May 23, 2014

ISTE and the cape: An edtech coach nemesis?

Filed under: edtech coaching,iste14 — Candace Hackett Shively @ 8:37 am

True superheroes know the evil forces they face, and they can name their most powerful nemesis. The mania of preparing for ISTE 2014 is nothing to an Ed Tech Coach or tech-evangelist educator. We replenish our powers via the rush of seeing learning happen, especially if the technology supporting that learning makes good sense.  ISTE is a megajolt on the superhero power grid. Our most powerful Nemesis League will not be there to sap any of that energy. Dangerously, ISTEphoria often makes us forget that we will return to face the Nemesis League of the Reluctant, the Skeptical,  the Exhausted, and the Fearful. They will be there, lurking in our schools when we get back. And if we are not cautiously aware of the dangers, we will leave ISTE unprepared to face them. Although they do not attend ISTE, the Nemesis League has power there. It is the force of Them-and-Us, the prideful temptation to join other ISTE-attending superheroes in maligning the Reluctant, the Skeptical,  the Exhausted, and the Fearful:

“My teachers would never try this.”

They would want us to do it for them.”

“My xx teacher won’t even…”

“Some of mine will try it, but I’ll never get xx to yy.”

Our superhero capes can be dangerous. At ISTE, everyone we talk to “gets it.” We are the points on the pencil, the early adopters, the willing, the connectors, the movers and shakers of  learning (with technology). We LOVE the stuff. No Reluctants, Skepticals, Exhausteds, or Fearfuls would spend time or money on ISTE. So it is very easy to fall into talking about them. ISTE is edtech segregation — and can be a true danger to the powers of superhero edtech evangelists. Beware the pride of our own capes as a superheroes. We must vow to remind each other:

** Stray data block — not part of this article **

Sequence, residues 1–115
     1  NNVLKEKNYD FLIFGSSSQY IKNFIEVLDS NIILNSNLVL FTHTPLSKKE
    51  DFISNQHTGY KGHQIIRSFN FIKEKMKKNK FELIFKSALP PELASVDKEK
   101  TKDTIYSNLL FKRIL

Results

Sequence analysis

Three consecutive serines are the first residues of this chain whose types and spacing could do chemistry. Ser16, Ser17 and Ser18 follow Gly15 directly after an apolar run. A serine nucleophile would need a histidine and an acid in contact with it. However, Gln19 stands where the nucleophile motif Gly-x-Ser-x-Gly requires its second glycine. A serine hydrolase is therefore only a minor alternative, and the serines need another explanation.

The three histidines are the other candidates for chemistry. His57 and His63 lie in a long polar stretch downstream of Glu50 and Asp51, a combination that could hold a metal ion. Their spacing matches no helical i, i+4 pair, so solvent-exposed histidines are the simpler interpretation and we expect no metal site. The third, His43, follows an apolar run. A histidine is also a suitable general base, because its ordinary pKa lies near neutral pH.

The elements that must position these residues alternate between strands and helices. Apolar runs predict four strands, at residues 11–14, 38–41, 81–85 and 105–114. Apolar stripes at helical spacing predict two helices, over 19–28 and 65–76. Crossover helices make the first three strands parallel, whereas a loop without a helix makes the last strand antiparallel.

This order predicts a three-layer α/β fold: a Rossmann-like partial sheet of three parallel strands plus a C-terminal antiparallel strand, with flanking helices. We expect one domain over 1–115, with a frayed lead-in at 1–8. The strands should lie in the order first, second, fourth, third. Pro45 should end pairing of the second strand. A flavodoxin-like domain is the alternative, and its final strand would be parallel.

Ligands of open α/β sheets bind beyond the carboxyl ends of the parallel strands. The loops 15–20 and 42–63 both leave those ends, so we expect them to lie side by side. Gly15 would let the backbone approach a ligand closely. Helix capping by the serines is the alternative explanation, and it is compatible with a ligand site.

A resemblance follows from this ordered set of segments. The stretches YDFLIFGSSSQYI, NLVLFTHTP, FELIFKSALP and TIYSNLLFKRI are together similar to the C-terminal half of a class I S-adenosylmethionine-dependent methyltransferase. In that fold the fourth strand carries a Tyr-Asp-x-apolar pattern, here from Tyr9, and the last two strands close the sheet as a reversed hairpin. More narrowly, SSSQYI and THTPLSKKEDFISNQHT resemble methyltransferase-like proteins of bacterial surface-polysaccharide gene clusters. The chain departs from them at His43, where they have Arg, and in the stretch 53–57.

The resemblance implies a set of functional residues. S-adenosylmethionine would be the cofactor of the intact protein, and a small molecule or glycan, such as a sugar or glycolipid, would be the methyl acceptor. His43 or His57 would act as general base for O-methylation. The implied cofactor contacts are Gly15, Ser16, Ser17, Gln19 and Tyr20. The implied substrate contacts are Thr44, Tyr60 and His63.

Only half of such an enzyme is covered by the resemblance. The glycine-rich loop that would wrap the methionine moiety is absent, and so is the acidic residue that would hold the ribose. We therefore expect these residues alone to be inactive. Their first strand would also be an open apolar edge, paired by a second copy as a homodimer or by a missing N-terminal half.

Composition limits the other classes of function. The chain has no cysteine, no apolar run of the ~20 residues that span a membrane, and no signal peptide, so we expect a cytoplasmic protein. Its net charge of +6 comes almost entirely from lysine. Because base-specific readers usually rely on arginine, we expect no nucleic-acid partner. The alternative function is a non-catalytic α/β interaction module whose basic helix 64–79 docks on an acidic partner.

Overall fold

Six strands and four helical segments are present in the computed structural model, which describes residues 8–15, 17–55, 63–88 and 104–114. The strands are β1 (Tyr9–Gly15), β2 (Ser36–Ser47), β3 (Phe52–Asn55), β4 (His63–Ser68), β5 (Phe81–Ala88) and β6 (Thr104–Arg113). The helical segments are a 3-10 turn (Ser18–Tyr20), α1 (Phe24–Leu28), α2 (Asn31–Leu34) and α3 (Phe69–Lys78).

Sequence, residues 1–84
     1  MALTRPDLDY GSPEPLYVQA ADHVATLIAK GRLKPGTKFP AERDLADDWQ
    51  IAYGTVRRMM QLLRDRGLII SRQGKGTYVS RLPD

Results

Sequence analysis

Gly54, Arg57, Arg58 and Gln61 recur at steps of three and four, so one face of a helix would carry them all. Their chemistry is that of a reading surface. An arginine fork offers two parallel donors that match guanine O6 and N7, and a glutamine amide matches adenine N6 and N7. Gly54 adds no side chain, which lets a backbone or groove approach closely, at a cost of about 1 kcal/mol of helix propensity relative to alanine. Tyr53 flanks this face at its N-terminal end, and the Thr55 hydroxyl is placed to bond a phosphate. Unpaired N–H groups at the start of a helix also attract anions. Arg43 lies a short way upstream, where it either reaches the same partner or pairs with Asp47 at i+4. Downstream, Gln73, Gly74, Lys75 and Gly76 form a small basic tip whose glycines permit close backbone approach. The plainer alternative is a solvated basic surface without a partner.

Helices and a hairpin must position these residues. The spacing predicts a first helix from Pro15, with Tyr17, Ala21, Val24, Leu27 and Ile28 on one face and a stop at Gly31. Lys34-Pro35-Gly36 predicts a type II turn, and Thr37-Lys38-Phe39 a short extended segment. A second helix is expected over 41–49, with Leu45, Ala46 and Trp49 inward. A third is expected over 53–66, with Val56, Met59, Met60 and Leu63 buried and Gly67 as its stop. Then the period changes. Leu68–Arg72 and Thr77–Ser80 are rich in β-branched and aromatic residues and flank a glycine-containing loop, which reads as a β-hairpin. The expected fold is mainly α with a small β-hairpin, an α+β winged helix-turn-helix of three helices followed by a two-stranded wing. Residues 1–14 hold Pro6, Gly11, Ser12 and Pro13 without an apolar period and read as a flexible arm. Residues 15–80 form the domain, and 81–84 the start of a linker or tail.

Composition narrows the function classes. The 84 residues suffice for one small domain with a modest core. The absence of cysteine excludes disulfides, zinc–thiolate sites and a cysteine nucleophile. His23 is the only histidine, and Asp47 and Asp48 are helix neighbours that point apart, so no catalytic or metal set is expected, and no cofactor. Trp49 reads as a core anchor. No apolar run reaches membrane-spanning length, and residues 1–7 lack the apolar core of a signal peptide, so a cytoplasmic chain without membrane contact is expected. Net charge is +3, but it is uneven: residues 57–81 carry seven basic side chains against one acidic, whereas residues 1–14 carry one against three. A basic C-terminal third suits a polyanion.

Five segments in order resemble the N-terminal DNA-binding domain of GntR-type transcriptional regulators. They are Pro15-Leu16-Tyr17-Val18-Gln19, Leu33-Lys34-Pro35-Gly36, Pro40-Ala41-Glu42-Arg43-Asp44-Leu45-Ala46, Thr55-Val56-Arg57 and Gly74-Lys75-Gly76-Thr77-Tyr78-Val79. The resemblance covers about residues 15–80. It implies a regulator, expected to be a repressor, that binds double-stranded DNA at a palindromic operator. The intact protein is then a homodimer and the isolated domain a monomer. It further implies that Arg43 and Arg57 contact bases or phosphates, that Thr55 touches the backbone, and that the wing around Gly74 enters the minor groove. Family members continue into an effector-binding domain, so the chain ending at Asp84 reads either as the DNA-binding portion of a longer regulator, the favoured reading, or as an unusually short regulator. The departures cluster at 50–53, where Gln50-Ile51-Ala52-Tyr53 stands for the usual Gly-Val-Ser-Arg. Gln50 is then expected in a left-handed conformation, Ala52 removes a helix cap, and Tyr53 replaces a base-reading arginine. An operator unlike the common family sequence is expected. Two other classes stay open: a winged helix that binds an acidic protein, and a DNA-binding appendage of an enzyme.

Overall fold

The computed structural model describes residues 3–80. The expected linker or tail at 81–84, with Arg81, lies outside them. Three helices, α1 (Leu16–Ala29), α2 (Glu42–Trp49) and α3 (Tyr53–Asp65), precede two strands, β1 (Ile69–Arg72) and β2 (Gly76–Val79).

Fear is real.

Skepticism is a parasite that thrives on a perception of personal threat.

Time saps ALL teachers.

We are on their side, not fighting against them.

capeWe must know our nemesis but vow not to malign him/her behind his back. If we do, we have lost to the Nemesis League’s insidious plot of pride. If we spend our time maligning our nemesis, we will never know them or win them over. Please help me in this vow, and I will help you. Let us don our capes wisely so they do not fall away to pride.

1 Comment

  1. […] ed tech coach superhero loves suggestions, and Dawn Wilson’s tweet in response to my recent post offers a great idea for morphing the ed tech coach’s nemesis into a sidekick. Her tweet […]

    Pingback by Think Like a Teacher » Morphing a critic into a superhero sidekick at ISTE — May 30, 2014 @ 8:41 am

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